Our homes will integrate a variety of energy generation, storage, consumption and management solutions. And in most cases the buildings will not get off the grid but will change the existing grid and create new grids.
We will store electricity not just in order to use it in our isolated home when the sun is not shining but for a number of other reasons. Musk mentioned one of them, the battery will be handy if there are blackouts. Batteries will also help balancing the system by releasing into the grid stored electricity at time of higher demand. (Of course that would be only possible if you don't cut yourself off the grid.) Batteries will help you trade electricity, by allowing you to buy it when the price is low and sell it when the price goes up. Decentralised power storage might open the ground for decentralised power trading (much in the way many people trade stocks on their laptops).
We can also expect a surge in new wave of community and island power systems. Nowadays smaller islands, which do not have sufficient territory and population to build conventional power supply systems, find it difficult to secure their power needs. They use dirty and expensive diesel or heavy oil for power generation. Cheap solar panels and wind power systems combined with batteries and smart energy IT solutions will make it possible for even very small islands to have clean, affordable and secure electricity supply.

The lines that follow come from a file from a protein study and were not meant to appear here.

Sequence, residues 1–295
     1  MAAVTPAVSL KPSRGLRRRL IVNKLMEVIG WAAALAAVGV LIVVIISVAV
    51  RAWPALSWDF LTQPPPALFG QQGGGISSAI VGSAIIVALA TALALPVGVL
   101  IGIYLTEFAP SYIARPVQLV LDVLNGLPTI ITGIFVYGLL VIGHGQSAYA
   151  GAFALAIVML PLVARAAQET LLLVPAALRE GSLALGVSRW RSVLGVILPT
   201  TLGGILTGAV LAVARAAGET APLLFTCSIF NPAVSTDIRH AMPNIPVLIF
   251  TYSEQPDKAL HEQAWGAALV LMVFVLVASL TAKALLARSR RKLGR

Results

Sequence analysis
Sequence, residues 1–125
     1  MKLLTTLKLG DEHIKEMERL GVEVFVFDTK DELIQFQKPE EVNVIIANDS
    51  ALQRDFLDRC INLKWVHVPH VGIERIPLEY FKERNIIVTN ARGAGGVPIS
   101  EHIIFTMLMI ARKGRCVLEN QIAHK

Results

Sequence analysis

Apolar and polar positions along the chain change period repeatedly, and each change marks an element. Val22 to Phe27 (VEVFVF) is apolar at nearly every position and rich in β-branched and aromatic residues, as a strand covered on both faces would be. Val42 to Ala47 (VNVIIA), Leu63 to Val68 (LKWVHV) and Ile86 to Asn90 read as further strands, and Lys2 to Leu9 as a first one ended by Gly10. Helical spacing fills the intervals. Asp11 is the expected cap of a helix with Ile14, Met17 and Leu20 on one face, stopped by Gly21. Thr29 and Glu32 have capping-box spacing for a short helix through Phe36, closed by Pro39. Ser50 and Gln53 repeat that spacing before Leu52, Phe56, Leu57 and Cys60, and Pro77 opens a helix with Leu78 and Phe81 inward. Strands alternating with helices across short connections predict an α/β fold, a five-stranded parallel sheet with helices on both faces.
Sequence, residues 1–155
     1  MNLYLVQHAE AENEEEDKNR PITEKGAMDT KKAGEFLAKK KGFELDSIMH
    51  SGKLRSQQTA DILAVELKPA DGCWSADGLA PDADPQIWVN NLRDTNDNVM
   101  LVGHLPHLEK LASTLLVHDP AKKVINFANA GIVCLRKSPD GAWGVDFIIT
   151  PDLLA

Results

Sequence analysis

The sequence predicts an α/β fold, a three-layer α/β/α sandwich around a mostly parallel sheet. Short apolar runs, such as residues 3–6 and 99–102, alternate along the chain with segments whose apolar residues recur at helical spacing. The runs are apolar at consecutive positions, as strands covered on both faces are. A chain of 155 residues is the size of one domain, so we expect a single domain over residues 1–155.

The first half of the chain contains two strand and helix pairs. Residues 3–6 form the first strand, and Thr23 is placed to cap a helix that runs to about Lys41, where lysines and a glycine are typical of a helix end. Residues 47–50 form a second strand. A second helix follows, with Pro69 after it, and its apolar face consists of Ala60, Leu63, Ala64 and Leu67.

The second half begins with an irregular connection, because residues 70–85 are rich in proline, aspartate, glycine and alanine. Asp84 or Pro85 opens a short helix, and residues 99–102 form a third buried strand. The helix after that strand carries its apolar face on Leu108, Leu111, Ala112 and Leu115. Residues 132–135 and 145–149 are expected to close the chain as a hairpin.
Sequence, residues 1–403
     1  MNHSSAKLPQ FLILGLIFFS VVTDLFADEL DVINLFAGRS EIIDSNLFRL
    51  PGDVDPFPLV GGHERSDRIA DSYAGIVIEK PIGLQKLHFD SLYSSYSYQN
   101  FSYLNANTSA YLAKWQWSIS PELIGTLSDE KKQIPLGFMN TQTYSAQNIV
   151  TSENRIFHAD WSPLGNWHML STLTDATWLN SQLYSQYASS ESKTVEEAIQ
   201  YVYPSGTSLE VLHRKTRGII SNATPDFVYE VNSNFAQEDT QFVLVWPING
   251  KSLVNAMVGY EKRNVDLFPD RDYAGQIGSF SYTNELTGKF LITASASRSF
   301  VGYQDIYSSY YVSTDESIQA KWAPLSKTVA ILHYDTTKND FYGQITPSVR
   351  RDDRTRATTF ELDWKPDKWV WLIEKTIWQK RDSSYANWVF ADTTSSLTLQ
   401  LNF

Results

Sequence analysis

Similarly we will start thinking of new built communities independently from the available or future centralised energy infrastructure. Architects and urban developers will be much more free in planning and building new towns and villages. Even our concept for a town might change.
And, while the battery looks like an expensive toy for rich societies, it might bring huge changes to the poorest part of the world. Currently more than a billion people do not have access to electricity and the access of another billion is unreliable. There are 600 million people only in Sub Sahara Africa, who are not connected to the grid. This number is not expected to decline but to grow to 700 million in 2030.
The life of many of these people is being transformed by the mobile phone and now also by the growing number of cheap solar lights. The ability to build a modern living community anywhere will be hugely helped by availability of devices that could store more power than what you need in order to keep a small led light on after dusk.
Power generation and sharing communities could be built and expanded. Outside lighting, computers, refrigerators, television sets and radios could be added and schools connected to high quality free MOOCs (massive open online courses) developed, and freely available, by the best universities in the world.
All this is perfectly possible with current available technologies. But as we know there is a huge difference between developed technologies and easy to use affordable products. Especially when they enter the cool "must have" status. As Musk's battery has high chance to do.
While Musk was trying hard to sell his battery and solar products, by inspiring the off-grid imagination of millions, he probably missed the fact that his elegant power storage sculpture might bring much deeper change to the way we build our homes, the way we live our life and the way we connect to each other. And the way we could help to change the life of hundreds of millions around the world.